Algae: What You Should Know

Algae are plants that grow in water. They can be so small that you cannot see them with the naked eye. These are microalgae because you can only see them under a microscope. Macroalgae, on the other hand, can grow up to sixty meters long.

Algae can also be divided into seawater algae and freshwater algae. But there are also airborne algae on tree trunks or rocks and soil algae that live in the soil. Even snow algae in mountains or at the North Pole or at the South Pole.

Researchers estimate that there are around 400,000 different species of algae. However, only about 30,000 of them are known, i.e. not even every tenth. Algae are very distantly related to each other. What they all have in common is that they have a cell nucleus and that they can form their own food with sunlight. To do this, they produce oxygen.

But there is another special feature, namely the blue-green algae. Researchers used to think that these were also plants. Today we know, however, that it is bacteria. Strictly speaking, it is the class of cyanobacteria. Some species carry a substance that gives them their blue color. Hence the name. However, these bacteria can produce food and oxygen with the help of sunlight, just like plants. That’s why the wrong assignment was obvious. And because it has always been like that, blue-green algae are still often counted as algae, even though this is actually wrong.

Our word alga comes from the Latin language and means seaweed. We also sometimes use it for animals that aren’t actually algae, like blue-green algae: they look like algae, but they’re bacteria.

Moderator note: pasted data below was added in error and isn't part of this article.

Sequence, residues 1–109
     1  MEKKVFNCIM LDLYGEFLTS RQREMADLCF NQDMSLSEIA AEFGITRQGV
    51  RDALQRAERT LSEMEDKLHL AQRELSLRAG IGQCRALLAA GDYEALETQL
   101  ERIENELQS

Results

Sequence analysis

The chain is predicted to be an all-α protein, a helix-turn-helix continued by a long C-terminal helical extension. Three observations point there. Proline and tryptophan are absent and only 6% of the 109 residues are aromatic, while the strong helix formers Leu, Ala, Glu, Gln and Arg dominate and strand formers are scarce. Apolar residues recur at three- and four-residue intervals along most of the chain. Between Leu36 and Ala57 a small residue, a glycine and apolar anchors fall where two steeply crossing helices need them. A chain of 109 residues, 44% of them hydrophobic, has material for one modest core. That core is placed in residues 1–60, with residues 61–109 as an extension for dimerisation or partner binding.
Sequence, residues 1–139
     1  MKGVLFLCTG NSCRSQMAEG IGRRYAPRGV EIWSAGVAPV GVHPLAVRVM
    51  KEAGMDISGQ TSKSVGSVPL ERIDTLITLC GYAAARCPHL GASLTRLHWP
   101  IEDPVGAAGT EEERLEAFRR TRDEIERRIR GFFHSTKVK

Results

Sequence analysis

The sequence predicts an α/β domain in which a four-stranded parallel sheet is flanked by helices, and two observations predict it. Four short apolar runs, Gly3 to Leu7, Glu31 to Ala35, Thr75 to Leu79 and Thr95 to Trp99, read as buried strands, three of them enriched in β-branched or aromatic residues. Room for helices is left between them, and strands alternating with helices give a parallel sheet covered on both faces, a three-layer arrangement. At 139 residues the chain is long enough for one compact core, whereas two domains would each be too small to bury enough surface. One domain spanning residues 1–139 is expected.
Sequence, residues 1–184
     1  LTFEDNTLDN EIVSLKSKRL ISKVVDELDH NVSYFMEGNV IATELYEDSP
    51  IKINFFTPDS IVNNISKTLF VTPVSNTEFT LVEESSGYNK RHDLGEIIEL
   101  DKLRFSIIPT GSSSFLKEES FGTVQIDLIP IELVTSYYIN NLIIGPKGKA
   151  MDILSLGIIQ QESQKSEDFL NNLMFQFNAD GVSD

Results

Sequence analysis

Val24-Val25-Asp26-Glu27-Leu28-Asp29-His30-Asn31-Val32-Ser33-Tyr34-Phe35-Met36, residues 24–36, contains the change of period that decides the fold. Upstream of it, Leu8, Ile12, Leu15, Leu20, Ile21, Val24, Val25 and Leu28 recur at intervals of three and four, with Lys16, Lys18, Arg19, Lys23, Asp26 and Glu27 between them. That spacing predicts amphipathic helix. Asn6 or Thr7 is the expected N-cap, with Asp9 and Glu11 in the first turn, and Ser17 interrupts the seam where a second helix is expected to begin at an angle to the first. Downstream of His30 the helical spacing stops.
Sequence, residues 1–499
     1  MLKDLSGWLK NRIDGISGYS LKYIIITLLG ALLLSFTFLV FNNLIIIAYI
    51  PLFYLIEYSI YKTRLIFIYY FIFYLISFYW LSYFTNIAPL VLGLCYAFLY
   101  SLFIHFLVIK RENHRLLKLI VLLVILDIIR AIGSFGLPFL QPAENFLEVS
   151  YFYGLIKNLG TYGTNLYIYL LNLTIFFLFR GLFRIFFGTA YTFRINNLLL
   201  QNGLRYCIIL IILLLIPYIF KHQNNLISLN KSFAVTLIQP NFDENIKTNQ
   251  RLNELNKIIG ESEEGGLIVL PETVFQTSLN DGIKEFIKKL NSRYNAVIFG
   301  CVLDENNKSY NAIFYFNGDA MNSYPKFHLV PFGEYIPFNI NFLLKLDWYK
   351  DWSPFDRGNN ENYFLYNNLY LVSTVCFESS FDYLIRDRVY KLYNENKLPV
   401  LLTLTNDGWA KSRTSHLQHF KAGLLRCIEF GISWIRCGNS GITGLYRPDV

What is the use or harm of algae?

Every year, billions of tons of micro-algae grow in the world’s rivers and seas. They are important because they make up half of the oxygen in the air. They can do this at any time of the year, unlike our trees, which have no leaves in winter. They also store a lot of carbon dioxide and thus counteract climate change.

Algae that grow underwater form part of the plankton. Many animals live on it, for example, whales, sharks, crabs, mussels, but also sardines, flamingos, and many other animals. However, there are also toxic algae that can kill fish or injure people.

Humans also use algae. In Asia, they have long been a popular food. They are eaten raw in a salad or cooked as a vegetable. Algae contain many healthy substances such as minerals, fat or carbohydrates.

However, certain algae can also be used to obtain fibers for textiles, dyes for ink, fertilizers for agriculture, thickeners for food, medicines, and many other things. Algae can even filter toxic heavy metals from wastewater. Algae are therefore increasingly being cultivated by humans.

However, algae can also form dense carpets on the water. That takes away the desire to swim and many hotels on the beaches lose their customers and earn nothing more. The causes are fertilizer in the sea and the warming of seawater due to climate change. Some types of algae suddenly multiply very quickly. Others produce many more flowers, turning the water red.

Mary Allen

Written by Mary Allen

Hello, I'm Mary! I've cared for many pet species including dogs, cats, guinea pigs, fish, and bearded dragons. I also have ten pets of my own currently. I've written many topics in this space including how-tos, informational articles, care guides, breed guides, and more.

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